Tuesday, June 8, 2010

Myers on Chabon

Alex Stein, who does literary stuff, sends me a link to a blog about literary matters where the author has a lower opinion of Michael Chabon than I implied the other day here. Myers thinks Chabon is full if it, though he uses more polite language than that.

As with gushing oil wells, this also is a matter above my pay grade.


Anonymous said...

thanks for helping to strengthen my impression that Chabon is not "it" and that he is a writer of the hollow fancifying kind.

But book reviewers these days leave me in despair anyway, almost nobody dares to say that Stieg Larsson's books are appallingly bad (I read the first of the series in German) - it seems once something sells all these high-brows turn into mercenaries and if you come up with a wannabe intelligent gimmick they turn themselves into sales clerks

Here is Ruth Wisse's review of the Alaska-book at Commentary which convinced me at the time that Chabon was at best negligeable.



Alex Stein said...

It's not great. He wrote an interesting article earlier about Yiddish etc which contained more interesting ideas than the novel did. I think that his problem is that he's too consumed by the perceived injustice towards 'genre' fiction, and forgets that 'literary' fiction is doing quite well when it comes to 'page-turners'. Still, it was quite a fun combination of IB Singer and noir. Kavalier and Clay is meant to be excellent.

Anonymous said...

I dimly remember that Yiddish piece of his but nothing stuck in my mind contrary to what I learned from Commentary on IB Singer and "why Yiddish"
- (I guess you know German has profited a lot from Yiddish)

- I have to date read only a few pieces from the stuff from IB Singer himself Commentary has on offer but fell in love instantaneously with him - he is definitely one of "mine"


Lee Ratner said...

I have to respectfully disagree with Alex Stein. I generally like most of what Michael Chabon writes. I was disappointed with Gentleman of the Road, which I thought suffered from trying to be close the writing style found in pulp stories like Robert E. Howard's Conan stories. It was in a good concept but the writing-style killed it.

RK said...

The only thing I learned from that post was that D.G. Myers has some kind of strange hangup about Chabon.

I'm ambivalent about the article Alex mentions, which was a riff off of the Weinreichs' Yiddish-English phrasebook, and which, like many other pieces about Yiddish by secular authors who should know better, ignores or downplays the vibrancy of haredi Yiddish-speaking communities. The article was thoroughly discussed and criticized (mostly criticized) on the Yiddish mailing list Mendele; interested readers can find Chabon's on-list response here (second message). I'm told the response spurred him to write The Yiddish Policemen's Union.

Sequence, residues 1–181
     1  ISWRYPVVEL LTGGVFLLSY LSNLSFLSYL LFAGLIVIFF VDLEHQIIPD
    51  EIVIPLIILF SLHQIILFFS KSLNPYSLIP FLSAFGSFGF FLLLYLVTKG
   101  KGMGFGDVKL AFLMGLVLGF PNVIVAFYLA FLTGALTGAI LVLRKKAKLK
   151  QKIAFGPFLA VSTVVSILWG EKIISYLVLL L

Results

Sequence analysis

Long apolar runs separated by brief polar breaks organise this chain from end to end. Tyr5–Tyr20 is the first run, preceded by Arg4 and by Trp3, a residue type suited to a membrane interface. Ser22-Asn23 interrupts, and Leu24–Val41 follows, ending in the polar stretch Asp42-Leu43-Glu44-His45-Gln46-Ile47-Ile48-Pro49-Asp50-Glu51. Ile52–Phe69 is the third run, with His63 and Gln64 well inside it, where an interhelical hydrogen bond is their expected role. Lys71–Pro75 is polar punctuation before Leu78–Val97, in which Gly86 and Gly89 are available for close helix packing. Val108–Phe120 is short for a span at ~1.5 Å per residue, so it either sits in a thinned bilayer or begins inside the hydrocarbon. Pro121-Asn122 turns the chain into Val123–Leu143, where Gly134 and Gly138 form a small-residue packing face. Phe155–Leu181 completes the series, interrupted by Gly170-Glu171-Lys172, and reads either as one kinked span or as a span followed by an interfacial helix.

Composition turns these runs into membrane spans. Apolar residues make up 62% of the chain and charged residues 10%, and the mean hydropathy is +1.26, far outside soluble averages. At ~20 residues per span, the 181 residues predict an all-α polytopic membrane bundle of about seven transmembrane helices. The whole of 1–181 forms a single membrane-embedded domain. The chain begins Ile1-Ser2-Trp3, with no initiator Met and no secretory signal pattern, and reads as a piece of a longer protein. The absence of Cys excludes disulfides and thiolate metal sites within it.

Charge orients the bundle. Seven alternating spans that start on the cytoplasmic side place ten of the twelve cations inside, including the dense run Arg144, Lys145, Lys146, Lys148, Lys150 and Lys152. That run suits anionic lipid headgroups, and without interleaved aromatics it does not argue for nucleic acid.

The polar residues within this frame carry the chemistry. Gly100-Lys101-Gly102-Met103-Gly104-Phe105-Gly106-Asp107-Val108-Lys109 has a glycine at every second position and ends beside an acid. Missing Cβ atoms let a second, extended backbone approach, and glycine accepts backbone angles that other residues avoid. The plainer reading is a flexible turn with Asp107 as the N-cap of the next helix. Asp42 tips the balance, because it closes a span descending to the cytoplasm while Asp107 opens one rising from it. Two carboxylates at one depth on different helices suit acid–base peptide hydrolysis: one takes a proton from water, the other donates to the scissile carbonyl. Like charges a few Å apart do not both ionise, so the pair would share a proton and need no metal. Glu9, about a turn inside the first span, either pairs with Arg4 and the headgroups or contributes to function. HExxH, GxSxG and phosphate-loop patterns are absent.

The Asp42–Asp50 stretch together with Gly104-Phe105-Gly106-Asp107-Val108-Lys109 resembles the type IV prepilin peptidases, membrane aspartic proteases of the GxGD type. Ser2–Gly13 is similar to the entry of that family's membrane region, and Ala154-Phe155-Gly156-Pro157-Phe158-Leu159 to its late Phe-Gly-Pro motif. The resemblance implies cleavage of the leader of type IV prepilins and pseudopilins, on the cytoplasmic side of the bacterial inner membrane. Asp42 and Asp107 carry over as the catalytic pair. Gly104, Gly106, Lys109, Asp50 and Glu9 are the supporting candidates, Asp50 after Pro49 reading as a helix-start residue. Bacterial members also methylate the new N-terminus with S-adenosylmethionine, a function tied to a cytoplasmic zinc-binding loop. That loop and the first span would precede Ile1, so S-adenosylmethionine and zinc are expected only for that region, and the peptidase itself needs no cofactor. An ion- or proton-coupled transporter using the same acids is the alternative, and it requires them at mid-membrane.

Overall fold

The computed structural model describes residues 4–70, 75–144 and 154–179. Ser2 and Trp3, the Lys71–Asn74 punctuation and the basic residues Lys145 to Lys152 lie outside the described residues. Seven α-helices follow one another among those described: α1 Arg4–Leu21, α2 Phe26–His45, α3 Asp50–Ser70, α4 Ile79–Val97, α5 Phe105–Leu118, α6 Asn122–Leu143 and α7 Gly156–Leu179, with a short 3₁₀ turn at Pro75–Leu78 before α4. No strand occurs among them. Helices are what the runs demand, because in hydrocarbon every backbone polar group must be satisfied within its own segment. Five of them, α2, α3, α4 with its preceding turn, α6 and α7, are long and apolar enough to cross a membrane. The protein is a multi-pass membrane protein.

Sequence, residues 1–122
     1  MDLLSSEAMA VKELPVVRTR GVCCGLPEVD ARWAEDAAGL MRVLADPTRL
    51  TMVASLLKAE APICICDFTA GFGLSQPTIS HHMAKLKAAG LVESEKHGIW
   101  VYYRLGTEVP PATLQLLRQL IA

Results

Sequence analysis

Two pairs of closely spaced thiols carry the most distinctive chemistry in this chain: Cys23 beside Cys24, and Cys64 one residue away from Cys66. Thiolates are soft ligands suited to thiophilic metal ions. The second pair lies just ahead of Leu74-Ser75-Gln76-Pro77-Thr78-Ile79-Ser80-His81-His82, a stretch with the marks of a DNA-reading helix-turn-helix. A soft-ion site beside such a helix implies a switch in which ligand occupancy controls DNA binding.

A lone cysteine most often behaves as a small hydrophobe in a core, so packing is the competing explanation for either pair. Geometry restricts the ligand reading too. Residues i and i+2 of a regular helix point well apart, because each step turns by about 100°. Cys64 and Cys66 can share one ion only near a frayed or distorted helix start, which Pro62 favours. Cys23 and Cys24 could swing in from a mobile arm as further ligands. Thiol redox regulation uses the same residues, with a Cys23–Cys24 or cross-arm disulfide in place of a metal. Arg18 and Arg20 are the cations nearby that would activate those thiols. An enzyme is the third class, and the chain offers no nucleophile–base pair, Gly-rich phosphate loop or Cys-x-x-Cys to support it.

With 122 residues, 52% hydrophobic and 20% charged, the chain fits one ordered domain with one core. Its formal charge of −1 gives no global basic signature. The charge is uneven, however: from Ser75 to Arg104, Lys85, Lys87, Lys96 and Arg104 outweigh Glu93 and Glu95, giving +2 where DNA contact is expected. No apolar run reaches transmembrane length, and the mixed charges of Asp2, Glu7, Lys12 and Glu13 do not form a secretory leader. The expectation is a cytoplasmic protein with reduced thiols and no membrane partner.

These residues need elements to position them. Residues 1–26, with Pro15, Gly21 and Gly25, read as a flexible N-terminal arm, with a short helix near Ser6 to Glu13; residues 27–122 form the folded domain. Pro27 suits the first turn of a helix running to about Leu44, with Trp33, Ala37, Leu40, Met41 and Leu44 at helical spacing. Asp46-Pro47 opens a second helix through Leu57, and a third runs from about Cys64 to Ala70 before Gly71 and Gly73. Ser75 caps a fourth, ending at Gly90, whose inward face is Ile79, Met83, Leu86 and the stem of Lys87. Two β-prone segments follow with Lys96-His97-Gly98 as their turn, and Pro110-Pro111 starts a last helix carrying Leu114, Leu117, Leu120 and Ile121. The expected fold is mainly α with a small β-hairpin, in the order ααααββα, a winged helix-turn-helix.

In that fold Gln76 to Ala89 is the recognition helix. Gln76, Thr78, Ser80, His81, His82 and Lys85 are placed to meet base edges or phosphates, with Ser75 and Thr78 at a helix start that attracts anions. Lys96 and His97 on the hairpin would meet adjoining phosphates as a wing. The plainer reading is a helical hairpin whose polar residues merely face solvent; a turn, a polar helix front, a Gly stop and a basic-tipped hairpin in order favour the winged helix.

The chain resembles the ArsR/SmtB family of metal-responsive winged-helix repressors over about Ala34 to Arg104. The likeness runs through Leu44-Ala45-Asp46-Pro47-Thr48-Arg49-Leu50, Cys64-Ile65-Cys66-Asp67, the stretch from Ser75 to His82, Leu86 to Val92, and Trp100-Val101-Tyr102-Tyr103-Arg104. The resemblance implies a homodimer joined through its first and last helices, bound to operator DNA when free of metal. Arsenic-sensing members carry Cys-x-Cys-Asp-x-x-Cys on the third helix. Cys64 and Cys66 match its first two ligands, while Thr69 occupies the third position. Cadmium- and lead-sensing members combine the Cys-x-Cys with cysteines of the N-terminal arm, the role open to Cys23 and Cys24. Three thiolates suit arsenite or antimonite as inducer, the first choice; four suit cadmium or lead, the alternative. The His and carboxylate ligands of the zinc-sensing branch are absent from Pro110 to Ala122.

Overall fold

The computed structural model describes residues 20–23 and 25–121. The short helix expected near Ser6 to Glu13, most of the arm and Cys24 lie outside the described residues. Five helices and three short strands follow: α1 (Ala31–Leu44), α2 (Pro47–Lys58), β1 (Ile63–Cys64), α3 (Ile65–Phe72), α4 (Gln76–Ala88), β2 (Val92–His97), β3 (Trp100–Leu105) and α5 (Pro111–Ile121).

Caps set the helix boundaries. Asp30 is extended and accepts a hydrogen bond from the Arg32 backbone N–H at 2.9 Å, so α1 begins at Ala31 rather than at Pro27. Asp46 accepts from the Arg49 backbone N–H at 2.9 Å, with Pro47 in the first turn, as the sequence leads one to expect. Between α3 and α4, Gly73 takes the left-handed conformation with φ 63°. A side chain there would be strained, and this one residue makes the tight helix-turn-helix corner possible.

Like most other Yiddishists, I'm not a huge fan of Bashevis Singer. But I still want to take the opportunity to link to Cynthia Ozick's savage satire about the Yiddish literary world and its relationship to Singer: Envy, or Yiddish in America.

Mark Cohen said...


Chabon's piece reveals his weaknesses as a thinker and, more importantly, as a novelist. He seems oblivious to the sustaining power of the chosen people story. Saul Bellow understood, as a novelist should, that a story "testifies to the worth, the significance of an individual." The chosen people story does the same for the Jews. Chabon's real interest is in leveling the human playing field, asking all of us to admit that we are all the same -- culture, history, religion, and language notwithstanding -- dumb but lovable shmucks just trying to get along. This is what Bellow's Moses Herzog (yes, I'm a Bellow nut) condemned as "potato love." Cheap, filling, fattening and almost worthless. It was a weak-minded, sentimental, and immature essay.

Barry Meislin said...

Ah yes, the mysteries of Michael....

Anonymous said...

Potatoes are not worthless:-)))

in fact science tells us that if you add a bit of Quark even of the non-fat or low-fat kind you may thrive on that diet for a long time

(this in honour of my grandmother who could chose and boil potatoes to unsurpassable excellence)


AKUS said...

I found the "Alaska" book ("The Yiddish Policemen's Union") a difficult read, with an interesting idea and a rather poor ending, but "The Amazing Adventures of Kavalier & Clay" is, I think, brilliant on multiple levels, only one being the Jewish refugee level.

Nevertheless, the "Yiddish Policemens' Union" posits an interesting concept - other than Israel, what can the world do about these troublesome Jews? There is no other answer or place for them.

Anonymous said...

OT but don't miss this one - I got more than one good LOL out of it

Anonymous said...

there was recently a lengthy and well-told history of Zionism on our radio getting especially lively in describing what happened when Herzl was willing to give up on Jerusalem and settle for whereever because he found it more important to save Eastern Jews from persecution the exactly same Eastern Jews were adamant that it was to be Jerusalem or nothing.

Did Chabon's book honour by whatever allusions the memory of these heroes? (I haven't read it but the answer to that question seems vital to me to judge the book's merit)